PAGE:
Avengers: Age of Ultron (2015)
Four years ago, geek ‘hero’ Joss Whedon directed and wrote Marvel Avengers Assemble, the culmination of various stand-alone films and a feature that caused much anticipation among comic-book fans, old and new, around the world. His efforts gained critical and financial success, becoming the first Marvel film to gain more than $1bn at the box office. Now, the gang gets together to not only mark the end of Phase Two, but also welcome new additions to Phase Three of Marvel’s Cinematic Universe.
Avengers: Age of Ultron sees the eponymous heroes recover the sceptre used by Loki in the first film from terrorist organisation Hydra. Before Thor (Chris Hemsworth) takes it back to Asgaard, Tony Stark (Robert Downey Jr) secretly uses it to adapt a form of artificial intelligence for his Ultron project, aimed to develop a worldwide peacekeeping programme. However, Ultron (voiced by James Spader) becomes sentinent and decides to destroy the human race. So, the Avengers team up once more, while facing off against two new enemies: gifted twins Pietro ‘Quicksilver’ (Aaron Taylor-Johnson) and Wanda ‘Scarlett Witch’ Maximoff (Elizabeth Olsen).
It is fair to say that the heroes have gone through a lot both collectively and individually since The Battle of New York, yet there is a feeling that their respective chapters are drawing to a close. Throughout the film, the characters are either looking to the next stage of their lives or for ways to get out of their current ones, and with new heroes coming into the limelight, there is a poignant undertone throughout Phase 2’s final film.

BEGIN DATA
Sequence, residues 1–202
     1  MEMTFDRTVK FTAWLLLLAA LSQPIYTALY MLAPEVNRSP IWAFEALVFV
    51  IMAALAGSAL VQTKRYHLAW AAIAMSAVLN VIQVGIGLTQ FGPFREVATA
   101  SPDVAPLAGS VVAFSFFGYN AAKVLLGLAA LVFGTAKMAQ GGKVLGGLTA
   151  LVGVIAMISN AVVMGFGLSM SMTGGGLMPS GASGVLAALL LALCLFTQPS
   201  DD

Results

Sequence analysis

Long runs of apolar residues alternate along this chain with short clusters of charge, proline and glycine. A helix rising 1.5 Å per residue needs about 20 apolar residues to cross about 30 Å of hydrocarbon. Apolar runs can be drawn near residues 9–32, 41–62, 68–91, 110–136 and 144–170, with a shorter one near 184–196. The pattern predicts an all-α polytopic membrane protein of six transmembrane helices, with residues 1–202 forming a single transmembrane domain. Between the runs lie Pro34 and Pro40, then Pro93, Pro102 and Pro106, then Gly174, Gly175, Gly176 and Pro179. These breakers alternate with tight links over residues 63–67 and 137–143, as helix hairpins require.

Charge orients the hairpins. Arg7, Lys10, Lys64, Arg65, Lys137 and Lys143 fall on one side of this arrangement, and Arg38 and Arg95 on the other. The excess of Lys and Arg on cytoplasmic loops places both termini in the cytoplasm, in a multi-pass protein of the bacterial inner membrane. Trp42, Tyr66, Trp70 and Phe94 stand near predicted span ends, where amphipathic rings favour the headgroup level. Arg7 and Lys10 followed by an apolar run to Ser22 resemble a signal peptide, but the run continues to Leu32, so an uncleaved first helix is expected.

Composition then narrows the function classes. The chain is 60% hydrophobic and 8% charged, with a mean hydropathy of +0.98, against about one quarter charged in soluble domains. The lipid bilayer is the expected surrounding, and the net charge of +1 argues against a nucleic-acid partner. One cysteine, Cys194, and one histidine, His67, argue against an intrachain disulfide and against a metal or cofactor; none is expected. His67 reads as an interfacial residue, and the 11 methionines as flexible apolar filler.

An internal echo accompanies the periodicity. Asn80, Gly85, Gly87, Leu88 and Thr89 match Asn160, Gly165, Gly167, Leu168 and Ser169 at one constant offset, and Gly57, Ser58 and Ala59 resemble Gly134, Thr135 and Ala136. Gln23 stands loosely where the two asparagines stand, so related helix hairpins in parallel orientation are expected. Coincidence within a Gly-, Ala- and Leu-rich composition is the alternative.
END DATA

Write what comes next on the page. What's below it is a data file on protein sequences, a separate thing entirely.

Whedon incorporates the idea of breaking up everything from the inside and this is reflected in the balance shift within the team. Each of the Avengers are exposed to their own hidden fears and broken pasts and the lingering distrust from Avengers Assemble is revisited, while highlighting every character’s own flaws, ambitions and morals – all of which do not necessarily mesh well. This shows that regardless of their experiences and collective common goal, they are still not yet united.
However, there is enough charm and wit in this sequel that makes it easily superior to its predecessor. The memorable scenes are amusingly Whedonesque and the story is balanced enough to show that comic book heroes are not all about the brawn, but the heart as well.
In terms of casting, the starring cast members keep up the camaraderie that makes their collective on-screen presence so special. This applies in not only the high-octane action sequences, but also those where it is just them – no weapons included. While Bruce ‘Hulk’ Banner (Mark Ruffalo) and Clint ‘Hawkeye’ Barton (Jeremy Renner) get more of a role, while Natasha ‘Black Widow’ Romanova (Scarlett Johansson) is practically demoted to supporting cast, as her character represents the emotive side to the Avengers but not much else. However, the praise deservedly goes to the new additions – Johnson and Olsen keep up with the team, Paul Bettany is endearing as Vision and Spader’s taunting voice is fitting as Ultron.
Overall, Avengers: Age of Ultron is a fitting sequel – funny, action-packed and a lot more balanced. The Russo Brothers will need to deliver in 2019.
Avengers: Age of Ultron is out in UK cinemas on Thursday 23rd April.